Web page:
It sounds macabre, and it is. Late one evening, I was walking down the long hall of operating rooms to get a snack out of the physician's lounge. I passed by the screen at the front of the OR that displays all ongoing surgeries. Each operating room has a row, and the cases stretch out like long ribbons along the row, with every hour taking about three inches on the screen. Because it was 7:00 or 8:00 in the evening, no elective cases were scheduled. There was a laparoscopic appendectomy posted for the near future: it was about eighteen inches long on the screen. But at the bottom of the screen stretched an enormous band of orange, disappearing to either end of the screen. "HARVEST" was the procedure.

I walked down the hall. Outside the room's door were many styrofoam crates with plastic bags labeled "human organ for transplant" and advisories about temperature and transport. There was a liver box, a kidney box, a heart box, a box for blood.... No shades were drawn over the windows, so I looked in. The body on the table looked pale; I later realized that this was because blood was being taken. And instead of a cot or hospital bed waiting outside the door, as in every surgery, there was a long box on wheels. A tank, from the morgue.

The Catechism, in 2296 (in the section on Respect for the Person in Scientific Research) has this to say about organ donation:
Organ transplants are in conformity with the moral law if the physical and psychological dangers and risks to the donor are proportionate to the good sought for the recipient. Organ donation after death is a noble and meritorious act and is to be encouraged as a expression of generous solidarity. It is not morally acceptable if the donor or his proxy has not given explicit consent. Moreover, it is not morally admissible to bring about the disabling mutilation or death of a human being, even in order to delay the death of other persons.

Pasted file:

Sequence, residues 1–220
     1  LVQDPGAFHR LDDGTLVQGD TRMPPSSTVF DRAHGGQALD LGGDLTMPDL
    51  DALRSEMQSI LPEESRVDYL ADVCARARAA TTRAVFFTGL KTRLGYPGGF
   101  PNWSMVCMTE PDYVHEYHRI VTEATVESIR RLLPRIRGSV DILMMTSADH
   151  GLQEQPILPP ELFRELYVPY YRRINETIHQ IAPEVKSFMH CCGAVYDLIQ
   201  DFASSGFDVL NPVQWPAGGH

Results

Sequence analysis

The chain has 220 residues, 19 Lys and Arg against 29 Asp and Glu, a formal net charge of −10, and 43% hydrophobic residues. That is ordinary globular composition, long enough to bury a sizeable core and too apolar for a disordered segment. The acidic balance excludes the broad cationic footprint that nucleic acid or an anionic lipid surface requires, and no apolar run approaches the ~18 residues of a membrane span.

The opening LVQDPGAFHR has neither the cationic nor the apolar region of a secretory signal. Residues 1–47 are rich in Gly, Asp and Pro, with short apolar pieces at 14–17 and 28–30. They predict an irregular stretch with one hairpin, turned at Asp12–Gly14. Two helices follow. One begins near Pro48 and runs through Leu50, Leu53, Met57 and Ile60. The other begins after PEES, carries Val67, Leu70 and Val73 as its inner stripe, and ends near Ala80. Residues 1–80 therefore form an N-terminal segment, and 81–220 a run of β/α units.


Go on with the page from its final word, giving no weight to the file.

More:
I had heard the horror stories about people (rather than bodies) being harvested. But med school gave us training to recognize legitimate brain death. This included forceful reminders that that two physicians must agree on the criteria. But is brain death a suitable way to determine that the soul is gone?

Maureen Condic, Ph.D. wrote a helpful essay entitled "Life: Defining the Beginning by the End." Published in 2003 by First Things, the essay discusses the beginning of life by considering death. I was already a Condic fan, because of her phenomenal (and unsung) white paper on the beginning of life, and because I was a Vita Institute participant.

Condic highlights the distinction between cellular (or even organ) life and life of the organism. (Busy people read the bold.)
Brain death occurs when there has been irreversible damage to the brain, resulting in a complete and permanent failure of brain function. Following the death of the brain, the person stops...sensing, moving, breathing...although many of the cells in the brain remain “alive” following loss of brain function. The heart can continue to beat spontaneously for some time following death of the brain (even hearts that have been entirely removed from the body will continue to beat for a surprisingly long period), but eventually the heart ceases to function due to loss of oxygen....